Antipsychotics are the cornerstone in the management of psychotic disorders and schizophrenia. They are effective agents but also have a wide range of side effects. In the recent literature constipation as possible side effect has received little attention. A review of the literature concerning constipation associated with antipsychotics was performed. Overall constipation is a rarely studied or reported side effect of antipsychotic medication. Nevertheless constipation is a common side effect. Antipsychotic agents differ in their liability to induce constipation. Constipation can be severe and can lead to serious consequences such as paralytic ileus, bowel occlusion and death. Active screening, monitoring and treatment are recommended. Further research on incidence, prevalence, underlying mechanisms and preventive measures is required.
Recent publications have drawn attention to the role of serotonin-2A receptors in mood disorders. Low doses of atypical antipsychotics, like the butyrophenone pipamperone, are suggested as an augmentation strategy in the antidepressant treatment of mood disorders, in addition to conventional antidepressant therapies.
Functional imaging studies with highly specific receptor ligands allow quick assessment of drug-receptor occupancy at different doses of drugs - here pipamperone at 5mg and 10mg doses - in a large animal model.
Three healthy drug-naïve female Beagle dogs, aged 7 years, were included.
Dogs were scanned before treatment and after administration of one dose of pipamperone of 5mg and 10 mg, 90 minutes prior to injection of the tracer. Acquisition was performed under general anaesthesia 90 minutes after injection of the tracer. The acquisition for both investigations was performed with a triple head gamma camera equipped with LEHR collimators. The images were reconstructed with HOSEM iterative reconstruction and application of a Butterworth-postfilter (cut-off 1,2 cycles/cm, order 8).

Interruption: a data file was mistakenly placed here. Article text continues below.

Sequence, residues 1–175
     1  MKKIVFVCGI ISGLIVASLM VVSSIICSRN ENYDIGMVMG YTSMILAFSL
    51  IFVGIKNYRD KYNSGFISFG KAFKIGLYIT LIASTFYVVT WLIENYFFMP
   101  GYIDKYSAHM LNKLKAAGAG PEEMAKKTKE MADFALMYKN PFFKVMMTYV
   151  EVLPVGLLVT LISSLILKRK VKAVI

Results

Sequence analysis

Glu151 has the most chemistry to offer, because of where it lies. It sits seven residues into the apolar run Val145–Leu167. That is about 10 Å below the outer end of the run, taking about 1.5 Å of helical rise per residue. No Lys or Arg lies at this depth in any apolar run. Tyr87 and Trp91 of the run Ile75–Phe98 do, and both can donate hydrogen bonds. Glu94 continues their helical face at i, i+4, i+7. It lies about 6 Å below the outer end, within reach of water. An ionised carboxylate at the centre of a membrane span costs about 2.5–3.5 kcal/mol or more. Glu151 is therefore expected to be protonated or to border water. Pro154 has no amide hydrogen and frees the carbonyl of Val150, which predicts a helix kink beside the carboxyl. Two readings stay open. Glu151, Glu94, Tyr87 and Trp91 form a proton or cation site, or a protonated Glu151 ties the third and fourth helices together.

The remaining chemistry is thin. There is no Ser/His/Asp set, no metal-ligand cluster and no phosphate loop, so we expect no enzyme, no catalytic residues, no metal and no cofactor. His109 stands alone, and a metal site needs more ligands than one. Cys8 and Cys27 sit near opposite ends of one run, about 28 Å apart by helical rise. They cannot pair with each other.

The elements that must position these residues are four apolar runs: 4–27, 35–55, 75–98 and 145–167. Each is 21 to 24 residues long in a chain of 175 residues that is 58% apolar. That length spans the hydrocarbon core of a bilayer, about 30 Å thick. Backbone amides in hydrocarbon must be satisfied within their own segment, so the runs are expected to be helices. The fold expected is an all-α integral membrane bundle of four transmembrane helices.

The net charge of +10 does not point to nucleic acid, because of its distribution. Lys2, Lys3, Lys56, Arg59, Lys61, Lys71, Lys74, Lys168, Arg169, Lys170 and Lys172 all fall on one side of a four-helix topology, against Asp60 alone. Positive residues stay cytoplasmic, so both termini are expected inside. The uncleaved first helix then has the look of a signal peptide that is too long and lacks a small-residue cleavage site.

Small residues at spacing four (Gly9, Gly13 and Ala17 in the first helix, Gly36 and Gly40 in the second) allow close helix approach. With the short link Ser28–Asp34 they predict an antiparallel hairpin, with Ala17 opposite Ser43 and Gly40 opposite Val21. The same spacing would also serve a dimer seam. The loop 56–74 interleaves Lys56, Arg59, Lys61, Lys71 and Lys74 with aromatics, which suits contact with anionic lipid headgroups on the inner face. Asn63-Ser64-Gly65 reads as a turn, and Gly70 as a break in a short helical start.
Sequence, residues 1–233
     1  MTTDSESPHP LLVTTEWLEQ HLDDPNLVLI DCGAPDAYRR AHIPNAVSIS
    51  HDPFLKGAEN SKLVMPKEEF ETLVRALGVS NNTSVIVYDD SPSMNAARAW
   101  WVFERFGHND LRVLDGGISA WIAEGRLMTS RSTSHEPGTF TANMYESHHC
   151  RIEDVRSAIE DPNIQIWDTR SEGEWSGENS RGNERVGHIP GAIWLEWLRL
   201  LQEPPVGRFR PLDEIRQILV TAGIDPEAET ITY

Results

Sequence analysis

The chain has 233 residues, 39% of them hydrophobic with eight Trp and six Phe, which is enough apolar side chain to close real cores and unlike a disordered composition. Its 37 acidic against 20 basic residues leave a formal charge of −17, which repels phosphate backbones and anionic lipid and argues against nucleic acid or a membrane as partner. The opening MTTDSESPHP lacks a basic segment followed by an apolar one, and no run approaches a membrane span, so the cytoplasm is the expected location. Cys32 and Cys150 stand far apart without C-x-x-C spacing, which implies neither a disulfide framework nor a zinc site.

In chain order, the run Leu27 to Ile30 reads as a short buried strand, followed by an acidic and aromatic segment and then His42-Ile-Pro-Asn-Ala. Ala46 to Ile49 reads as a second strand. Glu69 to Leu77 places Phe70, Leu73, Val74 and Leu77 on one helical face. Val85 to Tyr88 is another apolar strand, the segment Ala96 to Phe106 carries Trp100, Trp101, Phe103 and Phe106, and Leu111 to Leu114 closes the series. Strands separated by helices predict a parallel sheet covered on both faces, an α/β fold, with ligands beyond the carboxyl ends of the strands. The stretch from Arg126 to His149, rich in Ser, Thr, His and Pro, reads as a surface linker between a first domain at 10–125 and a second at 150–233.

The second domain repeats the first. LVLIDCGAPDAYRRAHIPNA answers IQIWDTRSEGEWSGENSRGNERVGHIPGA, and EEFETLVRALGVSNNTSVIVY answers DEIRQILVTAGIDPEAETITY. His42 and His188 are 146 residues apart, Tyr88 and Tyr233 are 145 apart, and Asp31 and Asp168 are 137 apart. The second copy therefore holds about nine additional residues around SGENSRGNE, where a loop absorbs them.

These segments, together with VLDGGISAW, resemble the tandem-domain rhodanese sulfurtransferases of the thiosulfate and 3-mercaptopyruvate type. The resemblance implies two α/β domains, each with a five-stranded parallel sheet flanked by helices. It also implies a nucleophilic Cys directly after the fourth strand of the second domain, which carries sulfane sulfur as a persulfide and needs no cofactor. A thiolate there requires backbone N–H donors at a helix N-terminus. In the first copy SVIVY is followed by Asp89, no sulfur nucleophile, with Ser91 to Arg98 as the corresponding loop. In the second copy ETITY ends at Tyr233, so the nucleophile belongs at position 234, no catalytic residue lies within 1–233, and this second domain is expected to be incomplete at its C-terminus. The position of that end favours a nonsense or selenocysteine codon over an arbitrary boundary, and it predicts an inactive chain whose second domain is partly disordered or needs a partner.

The mean binding serotonin-2A binding index before treatment in the frontal cortex was 1.47. In the 5 mg pre-treatment condition, the binding index was reduced to 1.29 and in the 10 mg pre-treatment condition, it was reduced to 1.04. Non-parametric statistics (Friedman related-samples test) yielded a p-value of 0.05.
Even in the very low dose range (5mg-10mg) of pipamperone, there was a significant and dose-dependent reduction in serotonin-2A binding index in the three dogs.
Number and procedures of involuntary hospital admissions vary in Europe according to the different socio-cultural contexts. The European Commission has funded the EUNOMIA study in 12 European countries in order to develop European recommendations for good clinical practice in involuntary hospital admissions. The recommendations have been developed with the direct and active involvement of national leaders and key professionals, who worked out national recommendations, subsequently summarized into a European document, through the use of specific categories. The need for standardizing the involuntary hospital admission has been highlighted by all centers. In the final recommendations, it has been stressed the need to: providing information to patients about the reasons for hospitalization and its presumable duration; protecting patients’ rights during hospitalization; encouraging the involvement of family members; improving the communication between community and hospital teams; organizing meetings, seminars and focus-groups with users; developing training courses for involved professionals on the management of aggressive behaviors, clinical aspects of major mental disorders, the legal and administrative aspects of involuntary hospital admissions, on communication skills. The results showed the huge variation of involuntary hospital admissions in Europe and the importance of developing guidelines on this procedure.